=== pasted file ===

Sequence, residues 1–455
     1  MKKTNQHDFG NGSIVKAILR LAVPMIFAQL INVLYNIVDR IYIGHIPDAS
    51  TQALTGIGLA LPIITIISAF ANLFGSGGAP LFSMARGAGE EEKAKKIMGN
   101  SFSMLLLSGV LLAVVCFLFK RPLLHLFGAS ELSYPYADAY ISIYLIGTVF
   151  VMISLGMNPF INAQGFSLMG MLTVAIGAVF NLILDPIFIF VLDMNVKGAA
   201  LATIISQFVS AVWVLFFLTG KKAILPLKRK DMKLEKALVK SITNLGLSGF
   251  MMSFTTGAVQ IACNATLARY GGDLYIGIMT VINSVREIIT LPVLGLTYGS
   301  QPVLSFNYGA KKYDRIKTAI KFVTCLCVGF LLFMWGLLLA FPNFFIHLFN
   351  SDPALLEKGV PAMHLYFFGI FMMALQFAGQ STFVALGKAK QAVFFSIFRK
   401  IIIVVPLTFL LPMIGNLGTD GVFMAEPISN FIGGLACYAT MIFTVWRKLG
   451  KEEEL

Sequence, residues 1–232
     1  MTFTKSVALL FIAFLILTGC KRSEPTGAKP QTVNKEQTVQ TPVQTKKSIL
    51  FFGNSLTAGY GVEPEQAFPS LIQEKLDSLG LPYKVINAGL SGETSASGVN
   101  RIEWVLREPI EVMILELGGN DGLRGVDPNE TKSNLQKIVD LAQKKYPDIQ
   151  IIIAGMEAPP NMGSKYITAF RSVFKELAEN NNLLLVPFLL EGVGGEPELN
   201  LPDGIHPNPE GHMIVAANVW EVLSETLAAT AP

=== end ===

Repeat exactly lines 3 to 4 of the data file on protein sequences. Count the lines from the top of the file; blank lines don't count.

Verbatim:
    51  TQALTGIGLA LPIITIISAF ANLFGSGGAP LFSMARGAGE EEKAKKIMGN
   101  SFSMLLLSGV LLAVVCFLFK RPLLHLFGAS ELSYPYADAY ISIYLIGTVF